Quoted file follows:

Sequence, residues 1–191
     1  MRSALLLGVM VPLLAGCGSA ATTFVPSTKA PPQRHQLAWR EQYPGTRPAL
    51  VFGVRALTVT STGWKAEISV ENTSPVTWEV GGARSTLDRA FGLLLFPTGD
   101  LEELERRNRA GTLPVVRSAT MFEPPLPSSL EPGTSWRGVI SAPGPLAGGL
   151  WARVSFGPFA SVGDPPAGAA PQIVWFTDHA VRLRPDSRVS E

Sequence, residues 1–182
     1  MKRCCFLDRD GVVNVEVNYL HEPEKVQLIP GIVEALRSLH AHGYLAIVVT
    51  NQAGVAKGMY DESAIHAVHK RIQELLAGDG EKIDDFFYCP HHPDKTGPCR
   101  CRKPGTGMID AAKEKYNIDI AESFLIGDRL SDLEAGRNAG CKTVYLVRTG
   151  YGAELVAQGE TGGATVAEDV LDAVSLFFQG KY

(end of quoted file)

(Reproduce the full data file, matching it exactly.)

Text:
Sequence, residues 1–191
     1  MRSALLLGVM VPLLAGCGSA ATTFVPSTKA PPQRHQLAWR EQYPGTRPAL
    51  VFGVRALTVT STGWKAEISV ENTSPVTWEV GGARSTLDRA FGLLLFPTGD
   101  LEELERRNRA GTLPVVRSAT MFEPPLPSSL EPGTSWRGVI SAPGPLAGGL
   151  WARVSFGPFA SVGDPPAGAA PQIVWFTDHA VRLRPDSRVS E

Sequence, residues 1–182
     1  MKRCCFLDRD GVVNVEVNYL HEPEKVQLIP GIVEALRSLH AHGYLAIVVT
    51  NQAGVAKGMY DESAIHAVHK RIQELLAGDG EKIDDFFYCP HHPDKTGPCR
   101  CRKPGTGMID AAKEKYNIDI AESFLIGDRL SDLEAGRNAG CKTVYLVRTG
   151  YGAELVAQGE TGGATVAEDV LDAVSLFFQG KY